Here are news and opinion stories educators, advocates, policy wonks and makers are talking about today:

Exclusive: Ahead of a Key Supreme Court Decision, America’s Largest Teachers Union Slashes Budget by $50 Million, Projects That 300,000 Members May Leave
The nation’s largest teachers union plans to reduce its budget by $50 million in anticipation of an unfavorable verdict in Janus v. AFSCME, a case heard by the U.S. Supreme Court in February that challenges the right of government unions to charge non-members for representing them. When delegates to the National Education Association meet in Minneapolis in July, union leaders will introduce a two-year budget that cuts expenditures by $50 million, an estimated 13 percent reduction from this year. (The 74)

Education Department Launches ‘Top-To-Bottom’ Review Of Teachers’ Grant Program
It’s a financial nightmare for public school teachers around the country: Federal grants they received to work in low-income schools were converted to thousands of dollars in loans that they now must pay back. NPR revealed these problems in a series of recent stories. The Department of Education now tells NPR it has launched a new, “top-to-bottom” internal review of all aspects of the TEACH grant program. Officials say the review is aimed at fixing the issues and that the department is “absolutely committed to improving” the program. (NPR)

Report: Evidence-Building Opportunities Under ESSA: How States Can and Should Generate Evidence to Drive Better Outcomes for Students
The December 2015 passage of the bipartisan Every Student Succeeds Act (ESSA) marked a dramatic shift in recent federal education policy by granting states and school districts significantly more authority and flexibility to design education systems that reflect local needs and priorities. However, with increased flexibility comes increased responsibility and accountability for results. This is especially true with respect to states’ charge to improve outcomes in the lowest-performing schools. (Chiefs for Change)

New Jersey
New Jersey hit with major lawsuit arguing it must end school segregation
The New Jersey law that requires most children to attend public school within their communities has led to some of the worst school segregation in the nation, prompting a coalition to sue the state to overturn that law and potentially reshape the state’s system into one that is very different, and integrated. To judge the magnitude of the legal action, it’s headed by former associate justice of the state Supreme Court Gary Stein, chair of the New Jersey Coalition for Diverse and Inclusive Schools, which coordinated the suit. Stein has been joined by other notable activists and social organizations. (WHYY)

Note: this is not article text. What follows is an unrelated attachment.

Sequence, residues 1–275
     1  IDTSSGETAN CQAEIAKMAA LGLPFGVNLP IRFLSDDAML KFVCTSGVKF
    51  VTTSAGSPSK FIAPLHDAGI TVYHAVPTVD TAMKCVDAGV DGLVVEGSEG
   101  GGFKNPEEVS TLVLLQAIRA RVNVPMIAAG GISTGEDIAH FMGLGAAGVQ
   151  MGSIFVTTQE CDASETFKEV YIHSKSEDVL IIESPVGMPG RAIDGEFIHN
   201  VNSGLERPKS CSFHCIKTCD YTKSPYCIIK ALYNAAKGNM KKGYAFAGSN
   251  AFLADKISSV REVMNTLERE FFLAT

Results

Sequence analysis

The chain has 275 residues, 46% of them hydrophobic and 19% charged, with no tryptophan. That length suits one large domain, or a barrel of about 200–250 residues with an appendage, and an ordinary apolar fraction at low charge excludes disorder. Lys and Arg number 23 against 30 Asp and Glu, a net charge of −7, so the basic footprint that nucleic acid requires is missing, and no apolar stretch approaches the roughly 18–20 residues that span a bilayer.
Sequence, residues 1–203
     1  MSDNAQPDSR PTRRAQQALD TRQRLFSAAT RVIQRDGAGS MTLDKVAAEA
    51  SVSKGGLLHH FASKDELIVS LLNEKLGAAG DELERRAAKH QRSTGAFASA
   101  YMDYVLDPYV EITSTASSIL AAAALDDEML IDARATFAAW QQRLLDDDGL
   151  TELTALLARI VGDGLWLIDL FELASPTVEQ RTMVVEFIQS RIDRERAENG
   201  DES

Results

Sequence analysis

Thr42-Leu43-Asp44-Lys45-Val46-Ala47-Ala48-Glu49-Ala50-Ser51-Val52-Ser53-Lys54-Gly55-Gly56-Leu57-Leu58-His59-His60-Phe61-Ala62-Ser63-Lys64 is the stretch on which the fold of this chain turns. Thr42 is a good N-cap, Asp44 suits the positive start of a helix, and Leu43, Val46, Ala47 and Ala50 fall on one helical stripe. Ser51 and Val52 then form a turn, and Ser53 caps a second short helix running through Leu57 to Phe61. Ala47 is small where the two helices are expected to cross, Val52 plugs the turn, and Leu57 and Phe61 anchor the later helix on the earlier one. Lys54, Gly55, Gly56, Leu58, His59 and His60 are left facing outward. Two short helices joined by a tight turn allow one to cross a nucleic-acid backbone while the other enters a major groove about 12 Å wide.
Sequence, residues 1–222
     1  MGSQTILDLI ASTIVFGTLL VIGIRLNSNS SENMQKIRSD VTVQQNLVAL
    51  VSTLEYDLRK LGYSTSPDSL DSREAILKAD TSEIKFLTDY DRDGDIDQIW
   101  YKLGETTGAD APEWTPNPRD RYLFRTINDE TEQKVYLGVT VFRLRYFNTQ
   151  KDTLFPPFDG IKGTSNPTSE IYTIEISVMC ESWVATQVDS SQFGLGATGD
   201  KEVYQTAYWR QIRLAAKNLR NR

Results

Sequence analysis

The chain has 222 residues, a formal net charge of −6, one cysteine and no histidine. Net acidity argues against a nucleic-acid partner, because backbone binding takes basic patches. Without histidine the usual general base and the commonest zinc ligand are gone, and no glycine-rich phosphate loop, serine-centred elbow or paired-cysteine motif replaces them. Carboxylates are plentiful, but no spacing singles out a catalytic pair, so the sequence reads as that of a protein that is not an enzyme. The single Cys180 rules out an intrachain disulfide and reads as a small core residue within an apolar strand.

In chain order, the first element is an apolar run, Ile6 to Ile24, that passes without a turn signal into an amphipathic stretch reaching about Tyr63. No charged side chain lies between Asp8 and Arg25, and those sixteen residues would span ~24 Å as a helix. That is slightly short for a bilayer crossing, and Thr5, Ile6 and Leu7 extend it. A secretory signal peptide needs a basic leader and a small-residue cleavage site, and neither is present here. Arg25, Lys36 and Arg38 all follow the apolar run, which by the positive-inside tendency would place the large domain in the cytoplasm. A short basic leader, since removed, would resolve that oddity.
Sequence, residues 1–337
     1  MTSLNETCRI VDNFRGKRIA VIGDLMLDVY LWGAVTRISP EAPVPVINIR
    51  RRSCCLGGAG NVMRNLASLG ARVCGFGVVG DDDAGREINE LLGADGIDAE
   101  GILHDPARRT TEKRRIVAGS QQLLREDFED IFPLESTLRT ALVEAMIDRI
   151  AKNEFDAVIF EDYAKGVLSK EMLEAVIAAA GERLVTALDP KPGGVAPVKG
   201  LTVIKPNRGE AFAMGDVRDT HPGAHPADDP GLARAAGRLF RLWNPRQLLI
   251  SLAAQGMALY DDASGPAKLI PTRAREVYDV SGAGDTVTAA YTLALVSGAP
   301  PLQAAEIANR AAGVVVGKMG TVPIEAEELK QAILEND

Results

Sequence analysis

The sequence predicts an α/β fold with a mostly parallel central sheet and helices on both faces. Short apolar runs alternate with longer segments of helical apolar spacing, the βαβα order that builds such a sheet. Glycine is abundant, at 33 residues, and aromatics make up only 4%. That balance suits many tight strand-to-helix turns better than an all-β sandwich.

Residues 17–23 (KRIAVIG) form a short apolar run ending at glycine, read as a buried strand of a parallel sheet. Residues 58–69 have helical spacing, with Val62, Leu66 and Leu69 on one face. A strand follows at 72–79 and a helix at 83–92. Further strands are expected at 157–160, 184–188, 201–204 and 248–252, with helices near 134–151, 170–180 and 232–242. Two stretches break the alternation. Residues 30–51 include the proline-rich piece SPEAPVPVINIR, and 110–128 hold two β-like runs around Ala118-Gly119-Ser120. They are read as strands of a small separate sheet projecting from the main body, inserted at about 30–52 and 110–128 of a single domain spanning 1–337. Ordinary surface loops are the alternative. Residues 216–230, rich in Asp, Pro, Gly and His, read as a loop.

Phila. Schools Take a Systematic Route to Better Discipline
Philadelphia leaders hope that digging into the culture, training, and assistance for schools will help them make headway on one of the thorniest problems facing educators today: curbing schools’ use of discipline practices that take students out of the classroom. Philadelphia is one of many districts nationwide that has been trying to limit out-of-school suspensions and reduce racial gaps among students who receive exclusionary discipline, but results so far have been uneven both in Philadelphia and across the country. (Education Week)

School boards across Tennessee scrap TNReady scores from students’ grade
As the school year comes to a close following the standardized testing debacle that concluded in Tennessee this month, many school districts have decided the scores won’t count toward students’ final grades. Shelby County Schools, the state’s largest district, will take up the issue Tuesday when the school board meets in a work session. Earlier this year, the district was one of about half of the state’s school systems that reported to the state it likely would not use the scores because the results were not expected to be received at least five school days before the end of the year. But that early tally was unofficial. (Chalkbeat)

Mimi Woldeyohannes is the Executive Assistant to the CEO at 50CAN. She lives in Maryland.


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